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Family Chrysopidae - Green Lacewings

Green Lacewing - Chrysoperla rufilabris green lacewing of some kind - Chrysoperla Lichen critter - looking at its face Eggs (?) on stalks Green Lacewing large spotted green lacewing - Leucochrysa insularis Can Anyone Identify This As Chrysopa coloradensis? Critter 091014
Kingdom Animalia (Animals)
Phylum Arthropoda (Arthropods)
Subphylum Hexapoda (Hexapods)
Class Insecta (Insects)
Order Neuroptera (Antlions, Lacewings and Allies)
Suborder Hemerobiiformia
Family Chrysopidae (Green Lacewings)
Explanation of Names
Chrysopidae Schneider 1851
85 spp. in 14 genera* in our area(1); ca. 1,200 spp. in 75 genera and 3 subfamilies worldwide(2)
*Genera not yet in the guide: Chrysopodes (1 sp., FL, TX), Nacarina (1 sp., NC, FL), Nineta (1 sp., AZ-UT), Pimachrysa (5 spp., AZ-CA), Plesiochrysa (1 sp., FL)
Key to most NA genera provided in(3)
Soft-bodied insects with copper-colored eyes, long thread-like antennae, and lacy wings.
To the naked eye the wings appear hairless, but under magnification short hairs can be seen along the edges and veins. See photo and diagram of wing venation:
Most species are green, but some are brown, especially overwintering adults of certain species:
Pinned specimens turn yellowish.
Larvae are flat and elongated (alligator-like) with large jaws. Debris-carrying larvae cover themselves with bits of litter, perhaps to deter predators.
Common in grass and weeds and on tree/shrub foliage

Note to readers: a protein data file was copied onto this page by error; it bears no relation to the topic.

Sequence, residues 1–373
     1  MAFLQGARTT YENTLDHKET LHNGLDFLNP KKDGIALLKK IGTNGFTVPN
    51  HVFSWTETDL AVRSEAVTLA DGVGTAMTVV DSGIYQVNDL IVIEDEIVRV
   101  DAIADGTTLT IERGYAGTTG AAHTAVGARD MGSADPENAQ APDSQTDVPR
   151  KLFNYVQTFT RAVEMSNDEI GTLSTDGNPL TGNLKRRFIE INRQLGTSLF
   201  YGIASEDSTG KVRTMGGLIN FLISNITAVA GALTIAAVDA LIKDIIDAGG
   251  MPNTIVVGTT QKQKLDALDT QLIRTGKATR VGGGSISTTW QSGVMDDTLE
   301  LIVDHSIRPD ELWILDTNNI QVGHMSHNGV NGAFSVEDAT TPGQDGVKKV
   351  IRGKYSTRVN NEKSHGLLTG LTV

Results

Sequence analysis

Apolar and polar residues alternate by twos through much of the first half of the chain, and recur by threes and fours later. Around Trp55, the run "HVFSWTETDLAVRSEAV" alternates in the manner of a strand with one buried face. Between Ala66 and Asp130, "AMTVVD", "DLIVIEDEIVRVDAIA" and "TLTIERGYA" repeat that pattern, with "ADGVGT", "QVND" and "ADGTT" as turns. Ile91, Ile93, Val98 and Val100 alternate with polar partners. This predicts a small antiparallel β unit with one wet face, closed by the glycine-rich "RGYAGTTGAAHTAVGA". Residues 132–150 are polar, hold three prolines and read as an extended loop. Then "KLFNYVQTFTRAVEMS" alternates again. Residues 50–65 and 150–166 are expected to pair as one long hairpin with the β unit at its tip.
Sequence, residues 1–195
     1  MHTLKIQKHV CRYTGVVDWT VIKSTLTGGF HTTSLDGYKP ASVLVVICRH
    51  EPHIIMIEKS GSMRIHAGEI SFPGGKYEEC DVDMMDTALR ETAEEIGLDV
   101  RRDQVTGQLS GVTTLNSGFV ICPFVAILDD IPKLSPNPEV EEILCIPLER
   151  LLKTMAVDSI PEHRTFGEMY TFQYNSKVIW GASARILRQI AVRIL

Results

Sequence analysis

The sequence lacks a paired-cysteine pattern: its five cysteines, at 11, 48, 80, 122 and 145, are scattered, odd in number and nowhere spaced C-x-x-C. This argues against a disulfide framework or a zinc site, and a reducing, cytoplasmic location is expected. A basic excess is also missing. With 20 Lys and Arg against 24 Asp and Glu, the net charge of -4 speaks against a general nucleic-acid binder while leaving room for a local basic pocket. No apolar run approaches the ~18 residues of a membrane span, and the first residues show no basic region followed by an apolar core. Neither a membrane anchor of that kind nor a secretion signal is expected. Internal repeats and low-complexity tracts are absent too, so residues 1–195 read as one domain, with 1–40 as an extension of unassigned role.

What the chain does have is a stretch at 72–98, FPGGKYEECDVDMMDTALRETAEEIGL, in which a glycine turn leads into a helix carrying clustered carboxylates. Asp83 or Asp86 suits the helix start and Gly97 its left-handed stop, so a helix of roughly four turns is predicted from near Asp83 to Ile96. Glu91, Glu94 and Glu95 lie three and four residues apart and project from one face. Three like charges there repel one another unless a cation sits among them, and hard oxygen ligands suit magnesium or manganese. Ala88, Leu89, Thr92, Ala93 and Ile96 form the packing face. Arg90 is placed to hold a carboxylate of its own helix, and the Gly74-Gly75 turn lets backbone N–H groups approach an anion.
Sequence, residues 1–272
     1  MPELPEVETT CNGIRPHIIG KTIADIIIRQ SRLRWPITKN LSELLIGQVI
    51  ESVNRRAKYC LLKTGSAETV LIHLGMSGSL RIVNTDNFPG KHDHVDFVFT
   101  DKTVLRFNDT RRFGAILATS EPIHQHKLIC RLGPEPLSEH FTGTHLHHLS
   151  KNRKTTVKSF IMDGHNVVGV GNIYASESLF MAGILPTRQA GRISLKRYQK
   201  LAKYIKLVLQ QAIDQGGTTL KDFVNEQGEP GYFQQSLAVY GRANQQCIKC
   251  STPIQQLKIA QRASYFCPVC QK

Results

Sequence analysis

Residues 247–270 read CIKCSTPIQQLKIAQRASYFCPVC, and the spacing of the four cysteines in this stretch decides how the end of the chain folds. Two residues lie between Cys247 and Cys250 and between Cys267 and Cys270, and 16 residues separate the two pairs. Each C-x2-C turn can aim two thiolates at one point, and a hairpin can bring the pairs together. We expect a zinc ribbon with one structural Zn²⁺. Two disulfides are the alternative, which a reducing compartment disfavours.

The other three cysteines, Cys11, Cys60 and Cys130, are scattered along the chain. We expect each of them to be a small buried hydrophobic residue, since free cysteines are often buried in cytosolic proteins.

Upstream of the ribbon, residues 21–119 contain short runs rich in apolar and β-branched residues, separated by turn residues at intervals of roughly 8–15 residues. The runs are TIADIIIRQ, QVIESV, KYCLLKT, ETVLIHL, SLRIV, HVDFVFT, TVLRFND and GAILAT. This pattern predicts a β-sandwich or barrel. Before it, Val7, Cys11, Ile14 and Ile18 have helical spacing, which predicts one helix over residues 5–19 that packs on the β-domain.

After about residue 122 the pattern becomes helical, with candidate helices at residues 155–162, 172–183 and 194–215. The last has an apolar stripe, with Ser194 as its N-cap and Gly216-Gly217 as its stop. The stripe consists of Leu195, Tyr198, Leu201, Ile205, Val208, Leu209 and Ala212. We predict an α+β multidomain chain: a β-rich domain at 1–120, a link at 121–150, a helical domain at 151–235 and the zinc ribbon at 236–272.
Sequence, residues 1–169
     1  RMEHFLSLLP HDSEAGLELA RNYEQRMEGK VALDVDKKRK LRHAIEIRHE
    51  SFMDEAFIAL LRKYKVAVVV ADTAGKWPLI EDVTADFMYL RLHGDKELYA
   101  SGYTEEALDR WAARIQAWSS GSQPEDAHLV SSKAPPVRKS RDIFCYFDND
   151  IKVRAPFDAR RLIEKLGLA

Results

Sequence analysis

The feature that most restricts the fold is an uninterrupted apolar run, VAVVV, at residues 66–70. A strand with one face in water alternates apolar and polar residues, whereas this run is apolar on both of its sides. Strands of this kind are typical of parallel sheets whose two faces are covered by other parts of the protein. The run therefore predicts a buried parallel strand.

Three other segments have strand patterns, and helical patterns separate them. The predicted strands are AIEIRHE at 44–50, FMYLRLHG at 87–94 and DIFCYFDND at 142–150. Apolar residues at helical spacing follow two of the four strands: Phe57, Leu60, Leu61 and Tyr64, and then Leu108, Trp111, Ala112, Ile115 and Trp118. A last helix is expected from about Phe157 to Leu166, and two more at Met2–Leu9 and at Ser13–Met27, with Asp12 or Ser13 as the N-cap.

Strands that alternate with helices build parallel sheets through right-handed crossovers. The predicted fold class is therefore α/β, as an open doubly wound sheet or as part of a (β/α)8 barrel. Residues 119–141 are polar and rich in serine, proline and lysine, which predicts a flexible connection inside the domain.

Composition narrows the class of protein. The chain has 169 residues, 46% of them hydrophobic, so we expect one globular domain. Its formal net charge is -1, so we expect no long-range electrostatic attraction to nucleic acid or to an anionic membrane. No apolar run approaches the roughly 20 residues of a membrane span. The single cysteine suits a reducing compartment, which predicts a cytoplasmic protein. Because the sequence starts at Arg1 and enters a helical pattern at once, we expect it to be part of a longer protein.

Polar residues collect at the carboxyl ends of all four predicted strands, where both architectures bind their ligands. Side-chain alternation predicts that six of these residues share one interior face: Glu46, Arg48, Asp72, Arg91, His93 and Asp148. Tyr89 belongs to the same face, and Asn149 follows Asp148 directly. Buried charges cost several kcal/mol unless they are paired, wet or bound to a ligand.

Some adults are predators, others take liquids such as honeydew, and some feed on pollen
Larvae are predatory on other insects, especially aphids (sometimes called 'aphid lions'); will also consume larger insects, insect eggs, and pupae.
Life Cycle
Eggs are characteristically stalked. The eggs and egg-laying process is illustrated here:
The larvae pupate in silken cocoons that are generally attached to the underside of leaves or stems.

See illustration:
often give off an unpleasant odor when handled.
Some species used as biological controls
Video of larvae feeding on aphids.
Adults are crepuscular or nocturnal.
See Also
Hemerobiidae have different wing venation and usually more oval wings
Mantispidae have raptorial forelegs
Internet References
Entomology and Nematology News. The Fascinating Behavior of Debris-Carrying by Green Lacewing Larvae
BioOne. Debris-Carrying in Larval Chrysopidae: Unraveling Its Evolutionary History
U. Florida. Green lacewings (of Florida) Neuroptera: Chrysopidae
Works Cited
1.American Insects: A Handbook of the Insects of America North of Mexico
Ross H. Arnett. 2000. CRC Press.
2.Chrysopidae of Canada and Alaska (Ins., Neuroptera): revised checklist, new and noteworthy records,and geo-referenced localities
Garland J.A., Kevan D.K. Mce. 2007. Zootaxa 1486: 1–84.
3.The green lacewings of Florida (Neuroptera: Chrysopidae). 1. Genera
Stange L.A. 2000. Fla. Dept. Agric. & Consumer Serv., Division of Plant Industry, Entomology Circular No. 400.